But you would think there should be a line between "that's a nasty little rash you've got" where there are treatments with proven track records, vs a novel, highly fatal disease with no documented treatments at all. As a doctor, are you really going to stand by and watch people die by the dozens for 2 years because you are afraid to believe the evidence of your own eyes and experience and the reasoning of your mind? So that you can wait until your actions are unreproachable? If that's the kind of medical system we've forced doctors into, we need to re-examine that whole system.

    Now... you tell me where you're going to find a group of 100 CV19 people who are sick enough to require hospitalization who will sign up for a study where they know they have a 50% chance of getting the "do-nothing" placebo while the other group gets the "maybe" miracle cure? I don't know about you but if those are the options I would say no-thanks to the study, get the "maybe" miracle wonder drug by hook or by crook, and take my chances... my mind, effort and intuition has got to beat a coin flip any day.
    All correct.

    Medical evidence is tiered. The very best is a multi-institution, double-blinded, controlled study involving 10,000 or more patients in each 'arm' - control and treatment These take years to run, and cost tens of millions of dollars. They should be multi-institution to get a wide variety of testers experiences, double blind so the testers don't inadvertently bias the results (observers bias), and involve a LOT of people...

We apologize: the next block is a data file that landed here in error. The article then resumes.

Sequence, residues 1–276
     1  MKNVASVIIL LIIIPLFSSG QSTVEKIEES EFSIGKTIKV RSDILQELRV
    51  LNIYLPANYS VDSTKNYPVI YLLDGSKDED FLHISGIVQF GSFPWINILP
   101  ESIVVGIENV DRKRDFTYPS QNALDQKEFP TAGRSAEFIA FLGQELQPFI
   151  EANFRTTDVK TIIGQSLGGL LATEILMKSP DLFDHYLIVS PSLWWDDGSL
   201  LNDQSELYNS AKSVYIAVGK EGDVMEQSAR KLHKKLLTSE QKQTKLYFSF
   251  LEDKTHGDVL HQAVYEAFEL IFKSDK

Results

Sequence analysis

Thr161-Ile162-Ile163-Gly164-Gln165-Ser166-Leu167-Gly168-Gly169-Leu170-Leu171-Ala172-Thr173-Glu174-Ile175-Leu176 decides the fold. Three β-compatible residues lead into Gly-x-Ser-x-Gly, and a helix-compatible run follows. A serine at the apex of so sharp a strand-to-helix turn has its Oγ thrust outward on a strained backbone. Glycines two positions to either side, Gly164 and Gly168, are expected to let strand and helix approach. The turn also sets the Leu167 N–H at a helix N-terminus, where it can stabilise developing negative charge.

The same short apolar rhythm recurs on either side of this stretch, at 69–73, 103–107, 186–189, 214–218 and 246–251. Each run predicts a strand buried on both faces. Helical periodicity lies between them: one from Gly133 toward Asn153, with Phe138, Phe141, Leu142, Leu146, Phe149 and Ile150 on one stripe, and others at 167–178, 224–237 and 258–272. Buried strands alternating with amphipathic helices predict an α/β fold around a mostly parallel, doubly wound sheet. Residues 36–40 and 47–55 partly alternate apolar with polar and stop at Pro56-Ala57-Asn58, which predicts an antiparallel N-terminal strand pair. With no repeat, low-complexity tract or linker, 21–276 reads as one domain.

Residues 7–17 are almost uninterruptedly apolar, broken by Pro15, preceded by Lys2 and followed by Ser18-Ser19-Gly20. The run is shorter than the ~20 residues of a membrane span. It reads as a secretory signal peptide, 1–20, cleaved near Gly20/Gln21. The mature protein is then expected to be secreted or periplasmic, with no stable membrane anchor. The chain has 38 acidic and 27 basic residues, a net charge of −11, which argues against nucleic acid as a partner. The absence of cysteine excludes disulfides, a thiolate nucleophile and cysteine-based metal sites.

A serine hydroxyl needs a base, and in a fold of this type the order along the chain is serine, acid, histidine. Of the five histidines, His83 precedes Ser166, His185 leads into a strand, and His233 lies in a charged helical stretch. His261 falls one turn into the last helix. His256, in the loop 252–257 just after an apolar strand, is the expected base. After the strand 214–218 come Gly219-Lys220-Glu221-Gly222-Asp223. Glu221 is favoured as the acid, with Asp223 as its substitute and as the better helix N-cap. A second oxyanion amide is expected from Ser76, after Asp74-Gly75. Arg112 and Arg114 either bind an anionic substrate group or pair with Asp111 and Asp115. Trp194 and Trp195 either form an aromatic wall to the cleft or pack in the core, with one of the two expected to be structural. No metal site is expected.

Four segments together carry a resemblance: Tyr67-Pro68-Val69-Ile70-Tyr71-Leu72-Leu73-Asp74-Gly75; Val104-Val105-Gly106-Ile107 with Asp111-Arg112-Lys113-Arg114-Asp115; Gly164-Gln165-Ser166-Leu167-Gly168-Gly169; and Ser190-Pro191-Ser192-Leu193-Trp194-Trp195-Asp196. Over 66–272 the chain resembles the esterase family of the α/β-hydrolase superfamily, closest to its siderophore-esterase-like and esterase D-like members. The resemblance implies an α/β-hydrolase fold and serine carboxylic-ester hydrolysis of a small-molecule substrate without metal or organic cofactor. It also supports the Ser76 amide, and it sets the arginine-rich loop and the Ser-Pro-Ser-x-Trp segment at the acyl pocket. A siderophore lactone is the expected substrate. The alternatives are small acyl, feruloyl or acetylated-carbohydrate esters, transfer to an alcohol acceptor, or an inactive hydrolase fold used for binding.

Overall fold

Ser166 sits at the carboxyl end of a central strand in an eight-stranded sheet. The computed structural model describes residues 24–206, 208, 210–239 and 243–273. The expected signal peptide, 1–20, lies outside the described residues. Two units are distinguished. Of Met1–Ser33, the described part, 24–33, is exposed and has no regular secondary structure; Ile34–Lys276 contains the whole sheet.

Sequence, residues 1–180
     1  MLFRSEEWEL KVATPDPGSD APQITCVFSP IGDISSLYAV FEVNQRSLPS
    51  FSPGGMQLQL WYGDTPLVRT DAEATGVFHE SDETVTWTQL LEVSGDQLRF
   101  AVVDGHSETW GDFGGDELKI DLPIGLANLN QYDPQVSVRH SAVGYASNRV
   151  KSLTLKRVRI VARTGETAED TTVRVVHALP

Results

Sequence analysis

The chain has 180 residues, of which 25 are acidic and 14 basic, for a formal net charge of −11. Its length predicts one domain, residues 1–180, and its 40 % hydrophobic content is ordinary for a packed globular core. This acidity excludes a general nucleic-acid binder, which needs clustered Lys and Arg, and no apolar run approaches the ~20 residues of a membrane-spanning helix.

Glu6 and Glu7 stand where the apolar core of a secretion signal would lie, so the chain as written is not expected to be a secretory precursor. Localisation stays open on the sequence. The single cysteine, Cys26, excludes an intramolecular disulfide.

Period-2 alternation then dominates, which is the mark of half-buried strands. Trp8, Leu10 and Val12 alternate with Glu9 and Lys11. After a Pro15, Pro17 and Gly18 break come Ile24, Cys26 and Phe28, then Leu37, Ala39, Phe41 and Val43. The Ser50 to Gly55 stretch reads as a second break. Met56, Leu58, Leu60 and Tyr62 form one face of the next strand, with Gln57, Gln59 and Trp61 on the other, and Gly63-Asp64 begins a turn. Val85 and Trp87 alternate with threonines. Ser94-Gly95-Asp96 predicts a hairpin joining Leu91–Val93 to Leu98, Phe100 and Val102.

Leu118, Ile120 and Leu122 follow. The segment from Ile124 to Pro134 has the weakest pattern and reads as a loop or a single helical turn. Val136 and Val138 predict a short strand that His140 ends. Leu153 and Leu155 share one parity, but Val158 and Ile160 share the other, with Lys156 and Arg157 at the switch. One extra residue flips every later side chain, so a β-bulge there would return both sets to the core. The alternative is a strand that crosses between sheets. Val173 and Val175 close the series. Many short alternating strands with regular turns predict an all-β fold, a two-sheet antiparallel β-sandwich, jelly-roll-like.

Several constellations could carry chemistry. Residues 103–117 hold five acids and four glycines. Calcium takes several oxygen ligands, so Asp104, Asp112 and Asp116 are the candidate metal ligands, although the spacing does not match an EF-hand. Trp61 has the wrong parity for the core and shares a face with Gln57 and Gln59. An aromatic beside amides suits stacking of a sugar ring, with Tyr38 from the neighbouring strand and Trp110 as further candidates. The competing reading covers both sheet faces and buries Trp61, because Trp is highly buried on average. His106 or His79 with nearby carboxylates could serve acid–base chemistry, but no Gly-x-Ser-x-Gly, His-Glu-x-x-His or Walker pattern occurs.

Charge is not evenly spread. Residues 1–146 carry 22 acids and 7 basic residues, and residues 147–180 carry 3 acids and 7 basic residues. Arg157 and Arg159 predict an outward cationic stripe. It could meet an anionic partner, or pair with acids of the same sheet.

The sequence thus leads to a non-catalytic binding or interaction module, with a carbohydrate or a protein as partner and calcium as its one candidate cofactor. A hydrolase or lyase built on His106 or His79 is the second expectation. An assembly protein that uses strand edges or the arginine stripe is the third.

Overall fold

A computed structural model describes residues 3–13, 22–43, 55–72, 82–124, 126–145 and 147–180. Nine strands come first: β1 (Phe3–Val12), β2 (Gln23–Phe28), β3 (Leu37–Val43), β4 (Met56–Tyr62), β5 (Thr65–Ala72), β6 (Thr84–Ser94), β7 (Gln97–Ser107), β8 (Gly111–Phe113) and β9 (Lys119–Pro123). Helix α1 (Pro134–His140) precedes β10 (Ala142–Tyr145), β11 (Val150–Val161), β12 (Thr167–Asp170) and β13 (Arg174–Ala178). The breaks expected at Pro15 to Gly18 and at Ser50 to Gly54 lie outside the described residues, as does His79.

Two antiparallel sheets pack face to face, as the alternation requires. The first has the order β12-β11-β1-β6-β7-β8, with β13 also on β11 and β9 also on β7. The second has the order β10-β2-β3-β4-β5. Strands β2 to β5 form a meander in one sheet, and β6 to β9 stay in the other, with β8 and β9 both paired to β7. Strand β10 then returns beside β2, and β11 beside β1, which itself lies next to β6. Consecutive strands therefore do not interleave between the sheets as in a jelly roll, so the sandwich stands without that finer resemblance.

The very worst is an anecdote: "Hmm, I tried this once, and the patient didn't die." Anecdote is not a synonym for proof: Nor is it an antonym.

    In between there is a case report (one patient but written up), a case series (a few patients written up), case control studies, cohort studies, and then RCT's Randomized control studies). When you have a number of RCT's you can do a meta analysis but they have the potential for injecting error back into the mix

    Right now, we have gone from anecdote to small case studies and a few small cohorts. The original French study was terrible - 40 people total, divided into 2 arms (control which gets normal treatment and treatment which got HQ), and then they kicked 15% of the treatment arm out...VERY suspicious...

    A better study was published yesterday, and while still small shows better results and better structure of the report. Of interest to me is that the dose of HQ administered was 3x larger than normal...

    https://www.mediterranee-infection.c...ID-IHU-2-1.pdf
    Good medicine in bad places

  9. #369
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    Thanks for the info, Fidel. Keep us posted as you can.
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  10. #370